On a day when the Dow Jones Industrial Average
Essentially, Frontline, beset by a $136 million third-quarter loss, is in danger of breaching its debt covenants early next year. The company's $242 million market cap and $173 million cash on hand is dwarfed by $2.7 billion in debt. Even worse, poor business conditions have exacerbated the problem. According to the Financial Times, a glut of vessels has caused spot rates to be less than half what Frontline needs to break even.
Legendary CEO John Fredricksen still owns roughly 40% of Frontline, so expect him to be aggressive in protecting his investment. Although his attention may be split, I wouldn't expect a refinancing at Frontline to disrupt any of his other multibillion-dollar businesses, like, say, SeaDrill
The sheer number of newbuilds coming online is a pox on all shippers, not just tankers. Fellow Fool Chris Barker prophetically warned about this approaching tsunami years ago. He cited it as a chief reason he favored dry bulk shippers with strong cash positions over those encumbered by high debt loads like DryShips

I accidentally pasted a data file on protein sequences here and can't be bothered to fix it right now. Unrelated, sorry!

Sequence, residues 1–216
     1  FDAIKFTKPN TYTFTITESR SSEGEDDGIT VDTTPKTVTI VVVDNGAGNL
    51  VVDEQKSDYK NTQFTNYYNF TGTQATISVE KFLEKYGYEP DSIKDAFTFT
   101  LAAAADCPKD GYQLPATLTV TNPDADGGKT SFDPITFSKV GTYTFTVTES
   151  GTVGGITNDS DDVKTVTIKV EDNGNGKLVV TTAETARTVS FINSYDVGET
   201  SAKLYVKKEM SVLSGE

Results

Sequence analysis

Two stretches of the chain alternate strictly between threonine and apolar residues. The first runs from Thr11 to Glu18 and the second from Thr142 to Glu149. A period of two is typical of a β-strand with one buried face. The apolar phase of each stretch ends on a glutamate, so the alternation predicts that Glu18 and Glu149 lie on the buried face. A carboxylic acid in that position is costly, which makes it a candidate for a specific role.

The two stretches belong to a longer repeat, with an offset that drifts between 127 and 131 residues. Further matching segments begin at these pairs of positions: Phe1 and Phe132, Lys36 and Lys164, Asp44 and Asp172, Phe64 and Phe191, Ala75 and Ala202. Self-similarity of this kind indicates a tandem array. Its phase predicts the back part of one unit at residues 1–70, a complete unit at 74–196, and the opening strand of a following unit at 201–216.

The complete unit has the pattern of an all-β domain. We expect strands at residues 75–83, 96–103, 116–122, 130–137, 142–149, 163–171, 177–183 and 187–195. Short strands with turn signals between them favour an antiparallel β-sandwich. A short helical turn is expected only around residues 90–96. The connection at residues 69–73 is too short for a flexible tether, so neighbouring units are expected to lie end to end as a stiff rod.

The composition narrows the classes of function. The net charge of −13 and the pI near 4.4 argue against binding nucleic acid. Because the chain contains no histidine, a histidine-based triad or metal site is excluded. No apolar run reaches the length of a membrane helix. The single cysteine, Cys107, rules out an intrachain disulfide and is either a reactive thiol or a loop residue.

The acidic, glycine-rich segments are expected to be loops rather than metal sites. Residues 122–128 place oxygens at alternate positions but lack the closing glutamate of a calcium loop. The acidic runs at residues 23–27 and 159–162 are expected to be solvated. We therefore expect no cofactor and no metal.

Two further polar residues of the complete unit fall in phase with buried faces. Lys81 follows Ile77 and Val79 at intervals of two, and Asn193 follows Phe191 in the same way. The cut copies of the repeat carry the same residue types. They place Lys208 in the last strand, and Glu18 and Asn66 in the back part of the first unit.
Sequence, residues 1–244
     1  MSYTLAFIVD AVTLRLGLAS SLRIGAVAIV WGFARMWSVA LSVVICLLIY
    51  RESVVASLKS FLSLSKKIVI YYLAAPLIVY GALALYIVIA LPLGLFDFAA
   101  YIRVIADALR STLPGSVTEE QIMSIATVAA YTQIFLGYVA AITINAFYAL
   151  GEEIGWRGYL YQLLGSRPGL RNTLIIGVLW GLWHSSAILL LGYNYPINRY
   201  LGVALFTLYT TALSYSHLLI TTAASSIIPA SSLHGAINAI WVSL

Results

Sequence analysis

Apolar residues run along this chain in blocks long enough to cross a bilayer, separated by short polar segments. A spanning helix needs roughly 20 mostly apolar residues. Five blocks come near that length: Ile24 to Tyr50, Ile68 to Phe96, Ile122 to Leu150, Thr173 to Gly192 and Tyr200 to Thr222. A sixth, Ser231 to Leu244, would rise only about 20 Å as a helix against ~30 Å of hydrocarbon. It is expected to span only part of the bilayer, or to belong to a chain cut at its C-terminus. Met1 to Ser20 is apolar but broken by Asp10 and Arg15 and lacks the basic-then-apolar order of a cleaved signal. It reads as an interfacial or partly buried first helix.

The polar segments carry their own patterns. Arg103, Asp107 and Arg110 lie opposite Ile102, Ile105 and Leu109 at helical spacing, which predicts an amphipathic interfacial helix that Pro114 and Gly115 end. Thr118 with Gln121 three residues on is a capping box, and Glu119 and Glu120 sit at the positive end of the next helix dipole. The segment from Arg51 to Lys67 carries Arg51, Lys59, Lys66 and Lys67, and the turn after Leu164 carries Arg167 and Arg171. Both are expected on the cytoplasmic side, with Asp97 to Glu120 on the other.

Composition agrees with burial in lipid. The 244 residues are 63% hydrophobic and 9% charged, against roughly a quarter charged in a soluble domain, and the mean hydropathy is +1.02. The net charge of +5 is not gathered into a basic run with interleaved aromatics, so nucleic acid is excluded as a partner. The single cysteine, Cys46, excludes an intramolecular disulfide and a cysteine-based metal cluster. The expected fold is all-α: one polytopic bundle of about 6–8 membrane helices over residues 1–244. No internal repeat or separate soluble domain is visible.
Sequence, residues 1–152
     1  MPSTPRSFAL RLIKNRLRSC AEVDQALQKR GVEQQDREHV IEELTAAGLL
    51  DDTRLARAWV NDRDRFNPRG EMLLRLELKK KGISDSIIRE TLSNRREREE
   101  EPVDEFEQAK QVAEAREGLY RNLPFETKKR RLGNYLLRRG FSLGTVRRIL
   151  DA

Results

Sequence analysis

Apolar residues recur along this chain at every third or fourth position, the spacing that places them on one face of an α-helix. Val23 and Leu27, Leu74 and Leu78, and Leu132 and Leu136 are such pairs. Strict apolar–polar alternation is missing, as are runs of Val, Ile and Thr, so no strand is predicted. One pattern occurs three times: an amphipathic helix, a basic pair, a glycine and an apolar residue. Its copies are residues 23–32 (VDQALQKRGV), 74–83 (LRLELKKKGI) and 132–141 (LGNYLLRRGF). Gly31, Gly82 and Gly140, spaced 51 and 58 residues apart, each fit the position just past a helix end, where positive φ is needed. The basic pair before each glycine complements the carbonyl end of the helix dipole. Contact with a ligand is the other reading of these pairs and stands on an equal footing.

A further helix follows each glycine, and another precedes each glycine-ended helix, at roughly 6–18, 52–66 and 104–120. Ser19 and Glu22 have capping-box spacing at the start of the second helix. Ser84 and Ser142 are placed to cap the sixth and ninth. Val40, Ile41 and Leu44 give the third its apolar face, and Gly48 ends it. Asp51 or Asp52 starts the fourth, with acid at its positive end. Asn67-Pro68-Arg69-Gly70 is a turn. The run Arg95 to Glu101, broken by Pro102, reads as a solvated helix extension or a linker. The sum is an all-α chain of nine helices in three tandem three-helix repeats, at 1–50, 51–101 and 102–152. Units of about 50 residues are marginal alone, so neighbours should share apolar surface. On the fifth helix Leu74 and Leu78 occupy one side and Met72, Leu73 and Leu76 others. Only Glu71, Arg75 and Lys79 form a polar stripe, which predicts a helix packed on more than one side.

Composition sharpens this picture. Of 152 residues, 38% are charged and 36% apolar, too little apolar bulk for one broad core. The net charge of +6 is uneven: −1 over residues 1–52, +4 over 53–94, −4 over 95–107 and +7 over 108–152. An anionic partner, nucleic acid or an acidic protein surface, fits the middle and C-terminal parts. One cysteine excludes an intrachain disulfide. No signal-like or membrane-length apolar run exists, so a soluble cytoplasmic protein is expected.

At the end of the day, I expect Frontline to survive, and from this lower share price, potentially thrive. The dividend might go away, and the ride will get rougher for shareholders before they see calm. But Frontline historically is well-run and negative gross margins won't plague the industry forever. I wouldn't suggest running out and buying shares, but Frontline certainly deserves careful watching.
The best way to track the latest developments surrounding the companies mentioned above is to add them to our free My Watchlist feature:
- Add Frontline to My Watchlist.
- Add Overseas Shipholding Group to My Watchlist.
- Add Ship Finance International to My Watchlist.
- Add Teekay to My Watchlist.
- Add SeaDrill to My Watchlist.
- Add DryShips to My Watchlist.
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